Seminar: Models of Language Evolution and Language Change

Algorithms and machine learning
Advanced studies
There has been a growing interest, especially in the last decade, in computational modeling of processes by which related languages -- or language families -- evolve over time. The problems include determining: - relationships among languages within a language family, - rules of correspondence among the sounds in the related languages, - the structure of the family tree, - the word-forms in the internal nodes in the tree, including those in the root -- the ancestral proto-language, from which the observed languages have evolved. Traditionally, over several centuries, linguists have been devising theories of linguistic evolution through manual analysis based on observed data, which in most cases, are limited to records from only the last few hundred years. By contrast, the the family trees are believed to have branched out many thousands of years ago. We will study current computational approaches to these problems. Prerequisites: courses on information theory and probabilistic models.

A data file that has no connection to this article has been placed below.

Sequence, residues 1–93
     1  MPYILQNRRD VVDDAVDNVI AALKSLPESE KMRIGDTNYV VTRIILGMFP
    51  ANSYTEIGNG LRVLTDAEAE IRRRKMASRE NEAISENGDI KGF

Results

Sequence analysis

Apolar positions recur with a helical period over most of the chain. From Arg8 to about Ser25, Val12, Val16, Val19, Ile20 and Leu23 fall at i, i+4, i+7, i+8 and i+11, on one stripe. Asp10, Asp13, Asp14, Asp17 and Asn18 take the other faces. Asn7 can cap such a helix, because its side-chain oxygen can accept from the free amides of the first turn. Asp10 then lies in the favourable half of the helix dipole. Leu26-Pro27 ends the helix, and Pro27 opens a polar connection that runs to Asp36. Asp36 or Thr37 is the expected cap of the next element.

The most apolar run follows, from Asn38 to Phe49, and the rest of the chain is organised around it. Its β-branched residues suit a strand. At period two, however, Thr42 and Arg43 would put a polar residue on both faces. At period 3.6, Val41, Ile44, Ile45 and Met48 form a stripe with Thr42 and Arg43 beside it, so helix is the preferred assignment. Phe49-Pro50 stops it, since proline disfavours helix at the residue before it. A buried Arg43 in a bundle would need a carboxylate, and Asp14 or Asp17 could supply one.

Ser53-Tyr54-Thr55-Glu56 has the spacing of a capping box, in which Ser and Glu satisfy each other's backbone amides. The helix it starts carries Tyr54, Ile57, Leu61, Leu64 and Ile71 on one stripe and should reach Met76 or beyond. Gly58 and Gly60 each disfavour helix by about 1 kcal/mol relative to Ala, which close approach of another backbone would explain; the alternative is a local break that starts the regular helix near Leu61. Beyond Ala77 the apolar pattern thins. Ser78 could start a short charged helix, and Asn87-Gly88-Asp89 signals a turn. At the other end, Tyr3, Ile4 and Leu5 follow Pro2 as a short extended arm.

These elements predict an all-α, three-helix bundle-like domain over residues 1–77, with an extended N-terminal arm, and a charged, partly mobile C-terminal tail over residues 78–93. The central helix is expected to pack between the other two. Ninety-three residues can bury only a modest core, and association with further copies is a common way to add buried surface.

Year Semester Date Period Language In charge
2013 spring 16.01-24.04. 3-4 English Roman Yangarber


Time Room Lecturer Date
Wed 12-14 C220 Roman Yangarber 16.01.2013-20.02.2013
Wed 12-14 C220 Roman Yangarber 13.03.2013-24.04.2013